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Overcoming Appalachian Stereotypes

From: With Good Reason
Length: 29:46

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Three professors discuss how stereotypes of Appalachia diverge from reality, and what makes Appalachian dialect distinctive to outsiders’ ears. Read the full description.

Amyclarkappstereotypes_small The announcement that CBS plans to create a new reality show called “The Real Beverly Hillbillies” has already generated objections that it would foster more disparaging views of the Appalachian Mountain culture. The show would follow an Appalachian family as they adjust to life as Hollywood millionaires. English professor Parks Lanier is tired of Appalachian stereotypes and says some of this country’s richest literature comes from the mountains. Phil Leonard takes his students on an annual bus tour of Appalachian regions. Also featured: Amy Clark (UVA-Wise) studies how people from Appalachian communities feel about their dialect. She says many try to change their speech when they move out of the area, hiding their true origin. Broadcast on NPR stations in Virginia and Washington, DC the week of December 6-12, 2003.

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Piece Description

The announcement that CBS plans to create a new reality show called “The Real Beverly Hillbillies” has already generated objections that it would foster more disparaging views of the Appalachian Mountain culture. The show would follow an Appalachian family as they adjust to life as Hollywood millionaires. English professor Parks Lanier is tired of Appalachian stereotypes and says some of this country’s richest literature comes from the mountains. Phil Leonard takes his students on an annual bus tour of Appalachian regions. Also featured: Amy Clark (UVA-Wise) studies how people from Appalachian communities feel about their dialect. She says many try to change their speech when they move out of the area, hiding their true origin. Broadcast on NPR stations in Virginia and Washington, DC the week of December 6-12, 2003.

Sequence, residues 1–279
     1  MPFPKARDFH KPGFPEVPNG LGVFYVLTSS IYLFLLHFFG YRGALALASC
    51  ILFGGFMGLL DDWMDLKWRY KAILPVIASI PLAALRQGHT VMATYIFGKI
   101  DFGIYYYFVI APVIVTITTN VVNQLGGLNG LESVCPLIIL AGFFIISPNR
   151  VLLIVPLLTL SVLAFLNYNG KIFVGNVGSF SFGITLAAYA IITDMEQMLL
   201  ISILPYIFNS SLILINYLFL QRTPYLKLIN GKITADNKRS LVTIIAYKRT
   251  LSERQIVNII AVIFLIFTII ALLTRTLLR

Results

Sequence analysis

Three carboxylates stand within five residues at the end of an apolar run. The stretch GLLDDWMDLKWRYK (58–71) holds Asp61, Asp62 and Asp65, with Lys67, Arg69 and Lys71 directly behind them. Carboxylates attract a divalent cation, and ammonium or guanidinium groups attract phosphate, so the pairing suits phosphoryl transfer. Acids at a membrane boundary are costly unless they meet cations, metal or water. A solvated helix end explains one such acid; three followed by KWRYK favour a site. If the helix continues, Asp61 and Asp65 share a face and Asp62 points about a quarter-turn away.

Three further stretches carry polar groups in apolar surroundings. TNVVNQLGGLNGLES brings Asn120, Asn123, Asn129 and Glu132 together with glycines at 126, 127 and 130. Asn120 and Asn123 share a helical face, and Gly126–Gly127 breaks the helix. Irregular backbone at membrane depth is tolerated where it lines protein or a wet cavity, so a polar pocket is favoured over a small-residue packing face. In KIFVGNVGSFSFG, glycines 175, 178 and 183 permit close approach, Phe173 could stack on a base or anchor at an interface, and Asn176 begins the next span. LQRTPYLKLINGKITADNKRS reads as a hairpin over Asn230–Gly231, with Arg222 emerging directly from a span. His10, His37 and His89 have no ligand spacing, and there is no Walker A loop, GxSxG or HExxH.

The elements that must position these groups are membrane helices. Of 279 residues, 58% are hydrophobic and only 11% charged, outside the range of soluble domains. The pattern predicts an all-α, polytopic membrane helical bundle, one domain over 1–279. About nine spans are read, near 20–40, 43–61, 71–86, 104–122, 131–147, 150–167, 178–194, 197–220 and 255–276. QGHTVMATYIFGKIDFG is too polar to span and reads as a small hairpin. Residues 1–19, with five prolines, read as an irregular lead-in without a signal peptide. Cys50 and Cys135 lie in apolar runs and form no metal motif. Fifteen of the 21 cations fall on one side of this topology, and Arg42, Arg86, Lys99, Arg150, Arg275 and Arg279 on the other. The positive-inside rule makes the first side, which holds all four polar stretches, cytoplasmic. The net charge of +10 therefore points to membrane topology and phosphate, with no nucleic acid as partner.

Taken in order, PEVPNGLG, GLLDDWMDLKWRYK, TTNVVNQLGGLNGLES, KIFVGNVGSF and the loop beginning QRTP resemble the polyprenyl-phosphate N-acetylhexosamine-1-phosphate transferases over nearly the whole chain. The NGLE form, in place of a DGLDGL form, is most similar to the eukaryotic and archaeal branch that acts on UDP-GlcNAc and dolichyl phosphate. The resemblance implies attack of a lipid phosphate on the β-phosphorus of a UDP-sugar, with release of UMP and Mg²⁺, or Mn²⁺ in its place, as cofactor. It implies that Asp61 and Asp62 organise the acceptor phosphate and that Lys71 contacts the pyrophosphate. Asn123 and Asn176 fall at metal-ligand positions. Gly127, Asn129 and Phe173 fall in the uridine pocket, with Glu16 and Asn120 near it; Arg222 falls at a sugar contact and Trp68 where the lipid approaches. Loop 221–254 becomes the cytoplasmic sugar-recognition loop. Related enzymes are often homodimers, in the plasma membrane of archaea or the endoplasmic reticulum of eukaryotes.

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Review of Overcoming Appalachian Stereotypes

This piece provides a brief insight into the stereotypes of Appalchia and what it can mean to be Appalchian. I enjoyed this piece, and look forward to many more broadcasts pertaining to Appalachia.

Broadcast History

Broadcast on NPR stations in Virginia and Washington, DC the weeks of June 21-27 and December 6-12, 2003.

Transcript

Timing and Cues

IN CUE: (Music)
OUTCUE: “. . . I’m Sarah McConnell. Thanks for listening.”
FOLLOWED BY _ :16 music bed out

Related Website

http://www.withgoodreasonradio.org